- Set performance metrics with numerical targets. These are the specific measurements each facility should achieve to comply with the DCOI. For example, if your PUE is now 1.75, you could set a goal of reaching 1.03, which is far more energy-efficient.
- Monitor your progress. Agencies should track and report on their results in terms of targets and cost savings. While accurate reporting is necessary under the DCOI, this practice also lets you apply for funding opportunities. And, it ensures that you’re on the path toward improved energy efficiency and financial outcomes.
In addition, future-proof your data center with liquid immersion cooling. This technology can handle the rapidly increasing server heat to meet upcoming demands. By contrast, conventional air cooling can’t keep up with agencies’ growing IT loads. What’s more, air cooling’s limited performance is guilty for much of the resource waste being targeted by the DCOI.
Another way liquid immersion cooling systems help data centers plan for the future is through modular expansion. The Data Center Optimization Initiative urges techniques like cloud migration to avoid massive capital outlays for unnecessary hardware. By the same token, a facility shouldn’t install excessive cooling capacity that it won’t fully use, as often occurs with older air cooling.
Stay Ahead of DCOI Regulations With GRC
The Data Center Optimization Initiative requires federal agencies to comply with set standards of operation to improve their efficiency. While this is good for the taxpayer and the environment, it imposes challenges on data center operators. Namely, the facilities must find ways to save both money and energy.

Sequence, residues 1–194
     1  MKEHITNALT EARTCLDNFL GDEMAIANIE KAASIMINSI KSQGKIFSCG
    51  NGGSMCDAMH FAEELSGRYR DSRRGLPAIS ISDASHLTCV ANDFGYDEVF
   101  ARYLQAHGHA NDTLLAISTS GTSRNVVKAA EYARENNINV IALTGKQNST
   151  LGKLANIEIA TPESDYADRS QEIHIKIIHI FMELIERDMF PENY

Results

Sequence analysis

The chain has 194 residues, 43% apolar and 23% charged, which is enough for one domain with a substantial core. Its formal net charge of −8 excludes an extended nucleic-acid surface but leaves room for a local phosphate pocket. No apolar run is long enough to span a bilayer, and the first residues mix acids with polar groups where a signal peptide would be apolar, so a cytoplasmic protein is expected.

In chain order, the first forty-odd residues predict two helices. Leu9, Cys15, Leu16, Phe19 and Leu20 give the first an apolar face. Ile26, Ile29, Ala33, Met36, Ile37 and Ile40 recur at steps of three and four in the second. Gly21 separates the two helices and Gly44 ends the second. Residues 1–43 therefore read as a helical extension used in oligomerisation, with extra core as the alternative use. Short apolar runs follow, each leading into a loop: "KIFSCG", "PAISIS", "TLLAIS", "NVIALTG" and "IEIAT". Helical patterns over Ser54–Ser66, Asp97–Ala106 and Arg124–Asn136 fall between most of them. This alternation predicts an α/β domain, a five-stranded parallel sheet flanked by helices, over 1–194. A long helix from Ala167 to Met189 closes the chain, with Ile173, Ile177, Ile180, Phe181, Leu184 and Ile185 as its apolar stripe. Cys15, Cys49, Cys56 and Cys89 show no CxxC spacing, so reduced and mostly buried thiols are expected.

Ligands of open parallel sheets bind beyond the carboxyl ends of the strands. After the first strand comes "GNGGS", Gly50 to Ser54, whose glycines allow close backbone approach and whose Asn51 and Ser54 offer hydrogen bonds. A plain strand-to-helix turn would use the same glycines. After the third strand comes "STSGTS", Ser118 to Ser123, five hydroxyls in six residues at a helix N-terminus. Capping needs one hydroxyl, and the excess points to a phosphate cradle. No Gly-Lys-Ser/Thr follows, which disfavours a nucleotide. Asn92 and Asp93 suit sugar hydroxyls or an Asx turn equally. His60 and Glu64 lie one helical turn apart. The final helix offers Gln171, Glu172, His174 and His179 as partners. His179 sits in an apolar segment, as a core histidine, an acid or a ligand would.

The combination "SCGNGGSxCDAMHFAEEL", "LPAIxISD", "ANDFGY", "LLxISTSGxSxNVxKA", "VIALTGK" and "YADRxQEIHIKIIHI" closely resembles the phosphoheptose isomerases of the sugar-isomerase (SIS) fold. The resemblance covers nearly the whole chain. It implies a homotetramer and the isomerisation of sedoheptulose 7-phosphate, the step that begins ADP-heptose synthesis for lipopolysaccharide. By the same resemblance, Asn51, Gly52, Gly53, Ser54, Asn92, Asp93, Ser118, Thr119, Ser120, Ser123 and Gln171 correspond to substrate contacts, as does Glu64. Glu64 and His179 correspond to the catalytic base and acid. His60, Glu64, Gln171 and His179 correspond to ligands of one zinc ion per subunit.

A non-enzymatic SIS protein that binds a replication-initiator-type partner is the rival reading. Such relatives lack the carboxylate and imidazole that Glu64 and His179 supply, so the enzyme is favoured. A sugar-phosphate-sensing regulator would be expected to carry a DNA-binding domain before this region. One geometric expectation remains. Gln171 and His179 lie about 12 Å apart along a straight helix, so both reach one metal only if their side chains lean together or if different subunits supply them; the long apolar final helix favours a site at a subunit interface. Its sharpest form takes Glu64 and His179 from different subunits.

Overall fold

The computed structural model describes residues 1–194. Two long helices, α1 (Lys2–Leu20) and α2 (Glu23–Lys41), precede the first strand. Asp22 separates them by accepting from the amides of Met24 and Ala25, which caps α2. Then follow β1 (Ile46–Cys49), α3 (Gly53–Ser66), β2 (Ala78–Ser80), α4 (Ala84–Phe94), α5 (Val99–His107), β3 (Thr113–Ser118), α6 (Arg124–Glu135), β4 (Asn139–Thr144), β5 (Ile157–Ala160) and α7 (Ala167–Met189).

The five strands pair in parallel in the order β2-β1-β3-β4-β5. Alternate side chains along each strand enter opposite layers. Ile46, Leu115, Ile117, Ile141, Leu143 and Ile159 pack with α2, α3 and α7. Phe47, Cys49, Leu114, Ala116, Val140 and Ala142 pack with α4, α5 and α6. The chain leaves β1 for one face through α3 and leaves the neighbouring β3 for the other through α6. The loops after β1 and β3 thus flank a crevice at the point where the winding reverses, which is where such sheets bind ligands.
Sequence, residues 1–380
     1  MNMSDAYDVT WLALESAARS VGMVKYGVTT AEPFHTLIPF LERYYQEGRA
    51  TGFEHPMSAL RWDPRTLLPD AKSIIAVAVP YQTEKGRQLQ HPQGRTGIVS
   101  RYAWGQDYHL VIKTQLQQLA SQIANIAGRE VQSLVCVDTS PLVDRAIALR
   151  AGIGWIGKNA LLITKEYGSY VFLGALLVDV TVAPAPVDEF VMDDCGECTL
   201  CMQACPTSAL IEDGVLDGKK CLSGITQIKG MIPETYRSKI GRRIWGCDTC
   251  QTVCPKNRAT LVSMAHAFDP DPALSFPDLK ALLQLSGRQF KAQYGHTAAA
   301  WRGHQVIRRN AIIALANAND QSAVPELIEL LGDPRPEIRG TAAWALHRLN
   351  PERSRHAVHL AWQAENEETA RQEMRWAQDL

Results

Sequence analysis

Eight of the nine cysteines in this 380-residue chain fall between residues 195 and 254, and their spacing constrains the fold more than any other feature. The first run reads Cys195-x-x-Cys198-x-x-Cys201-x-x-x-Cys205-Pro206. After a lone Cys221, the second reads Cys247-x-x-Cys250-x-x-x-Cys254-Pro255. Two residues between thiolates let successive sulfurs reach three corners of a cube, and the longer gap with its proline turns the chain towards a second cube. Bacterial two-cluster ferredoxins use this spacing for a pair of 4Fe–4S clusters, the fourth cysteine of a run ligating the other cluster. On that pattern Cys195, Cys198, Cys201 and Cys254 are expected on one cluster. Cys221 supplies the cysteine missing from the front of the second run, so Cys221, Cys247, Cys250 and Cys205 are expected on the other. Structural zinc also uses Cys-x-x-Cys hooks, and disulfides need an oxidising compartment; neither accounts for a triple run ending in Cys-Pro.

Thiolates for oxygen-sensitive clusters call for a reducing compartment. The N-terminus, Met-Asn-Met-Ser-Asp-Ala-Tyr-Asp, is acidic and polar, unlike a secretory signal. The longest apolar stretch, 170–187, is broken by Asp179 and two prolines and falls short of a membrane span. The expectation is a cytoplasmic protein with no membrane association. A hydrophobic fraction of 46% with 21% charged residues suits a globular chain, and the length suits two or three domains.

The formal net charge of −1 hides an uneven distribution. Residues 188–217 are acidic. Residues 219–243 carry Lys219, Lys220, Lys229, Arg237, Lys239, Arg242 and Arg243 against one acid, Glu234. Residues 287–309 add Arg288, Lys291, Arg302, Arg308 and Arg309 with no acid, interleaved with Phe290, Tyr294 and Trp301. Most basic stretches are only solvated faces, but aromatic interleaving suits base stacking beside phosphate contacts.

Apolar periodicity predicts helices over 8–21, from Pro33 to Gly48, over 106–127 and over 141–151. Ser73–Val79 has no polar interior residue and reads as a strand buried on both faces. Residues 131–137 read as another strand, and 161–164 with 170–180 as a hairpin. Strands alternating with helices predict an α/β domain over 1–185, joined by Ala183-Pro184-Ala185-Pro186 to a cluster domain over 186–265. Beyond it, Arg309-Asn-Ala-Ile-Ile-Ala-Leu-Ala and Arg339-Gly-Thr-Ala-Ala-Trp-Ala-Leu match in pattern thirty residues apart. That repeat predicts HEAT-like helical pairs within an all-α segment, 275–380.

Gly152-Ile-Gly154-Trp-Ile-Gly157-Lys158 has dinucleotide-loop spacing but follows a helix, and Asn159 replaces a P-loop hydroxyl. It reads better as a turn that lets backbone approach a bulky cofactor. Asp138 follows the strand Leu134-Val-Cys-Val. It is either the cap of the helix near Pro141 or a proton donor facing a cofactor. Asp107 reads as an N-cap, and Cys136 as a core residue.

Agencies should use technology to turn those challenges into opportunities. For instance, industry-leading liquid immersion cooling from GRC is more cost- and energy-efficient than traditional air cooling. It’s an ideal way for data centers to become more compliant with DCOI.
Immersion cooling also protects the environment through its sparse use of energy. The tanks are easy to install and maintain, and they’ll keep your servers running faster and longer. Federal government bodies have already started upgrading to GRC’s liquid immersion cooling systems and are enjoying the many advantages. Agencies should incorporate these systems into their overarching compliance and efficiency programs.
Contact GRC today to enjoy the benefits of liquid immersion. It’s the practical solution for all data center cooling needs.